Friday, July 22, 2011


Millions facing misery in Somalia famine

  • Friday, July 22, 2011
  • Arunthathi Kanagaratnam
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  • Ethiopia: Struggling through parched bush and baking heat, Rahmo Mohammed brought her severely malnourished son Saeed to Ethiopia’s Kobe refugee camp to save him.

    That was three weeks ago, and he is still not better, his frail body too sick to accept medicine.

    “He’s getting worse. I would like to get him more medicine,” his mother said sadly. “Even when they give him medicine, he will not take it.”

    Mohammed, along with tens of thousands of Somalis like her, walked for days in desperate search of relief from the extreme drought, the most severe food crisis in Africa for two decades.

    Famine has hit two southern Somali regions, with up to 350,000 people affected there, the UN said on Wednesday.

    Conflict-ridden Somalia is the worst affected nation, but the drought has hit parts of Kenya, Uganda, Ethiopia and Djibouti, with 12 million people needing emergency aid. Saeed is one of 2,200 children receiving emergency feeding treatment from Doctors without Borders (MSF) at Dolo Ado, a dust-blown camp on Ethiopia’s border with Somalia.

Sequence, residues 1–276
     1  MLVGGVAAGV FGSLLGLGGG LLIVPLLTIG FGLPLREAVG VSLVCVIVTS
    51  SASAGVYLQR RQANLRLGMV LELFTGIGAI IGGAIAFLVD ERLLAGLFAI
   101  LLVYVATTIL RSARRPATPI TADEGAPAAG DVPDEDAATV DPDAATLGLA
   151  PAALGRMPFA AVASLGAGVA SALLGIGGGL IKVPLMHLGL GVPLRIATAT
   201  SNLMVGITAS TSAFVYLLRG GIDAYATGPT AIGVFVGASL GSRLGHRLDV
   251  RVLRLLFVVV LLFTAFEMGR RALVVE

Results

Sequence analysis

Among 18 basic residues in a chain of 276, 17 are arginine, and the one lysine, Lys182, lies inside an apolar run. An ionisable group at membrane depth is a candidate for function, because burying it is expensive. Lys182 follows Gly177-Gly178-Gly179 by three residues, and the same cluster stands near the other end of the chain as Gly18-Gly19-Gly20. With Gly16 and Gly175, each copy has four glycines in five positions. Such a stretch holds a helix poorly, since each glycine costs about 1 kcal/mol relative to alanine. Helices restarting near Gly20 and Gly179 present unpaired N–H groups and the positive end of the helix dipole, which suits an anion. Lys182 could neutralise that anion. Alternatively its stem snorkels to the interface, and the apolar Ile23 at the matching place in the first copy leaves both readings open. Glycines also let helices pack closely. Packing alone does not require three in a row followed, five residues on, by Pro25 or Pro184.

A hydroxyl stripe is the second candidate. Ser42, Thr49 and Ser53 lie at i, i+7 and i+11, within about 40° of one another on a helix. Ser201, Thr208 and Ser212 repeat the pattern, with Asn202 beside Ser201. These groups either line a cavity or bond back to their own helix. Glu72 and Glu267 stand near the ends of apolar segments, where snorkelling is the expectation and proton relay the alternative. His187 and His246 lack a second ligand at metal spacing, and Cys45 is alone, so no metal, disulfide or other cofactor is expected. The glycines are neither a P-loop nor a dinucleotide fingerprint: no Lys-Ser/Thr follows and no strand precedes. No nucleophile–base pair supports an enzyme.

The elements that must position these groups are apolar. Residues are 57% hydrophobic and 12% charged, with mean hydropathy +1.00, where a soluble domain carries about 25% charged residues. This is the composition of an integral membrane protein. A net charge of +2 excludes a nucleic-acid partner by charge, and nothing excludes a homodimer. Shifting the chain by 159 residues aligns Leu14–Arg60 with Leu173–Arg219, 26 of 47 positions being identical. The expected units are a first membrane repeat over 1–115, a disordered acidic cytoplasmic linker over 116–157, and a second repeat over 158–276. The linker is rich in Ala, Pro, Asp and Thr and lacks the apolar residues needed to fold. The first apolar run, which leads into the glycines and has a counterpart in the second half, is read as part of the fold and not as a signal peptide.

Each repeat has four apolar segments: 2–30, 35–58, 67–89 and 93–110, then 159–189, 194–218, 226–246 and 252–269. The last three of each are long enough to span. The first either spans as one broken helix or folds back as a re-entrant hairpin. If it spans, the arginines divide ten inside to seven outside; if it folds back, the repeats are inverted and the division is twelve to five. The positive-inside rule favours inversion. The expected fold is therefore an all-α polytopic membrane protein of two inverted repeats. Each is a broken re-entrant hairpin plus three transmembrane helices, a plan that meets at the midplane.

The camp has some of the highest malnutrition rates in the world, with a death rate of seven per 10,000 people, or seven times the normal rate, according to the UN refugee agency, UNHCR.

    “The mortality rates are very, very high,” said Jo Hegenauer, UNHCR’s emergency coordinator.

    “They haven’t gone down yet, we’re trying to reduce the number of people who are dying from malnutrition,” he added. But many of the children arriving at the camp are too malnourished to be saved, said Joe Belliveau, MSF manager for Ethiopia, Somalia and Somaliland. “The fact that they’re showing up in a state that is so far gone, (and) that with immediate, urgent medical attention they still succumb, indicates a horrendous situation he said. AFP

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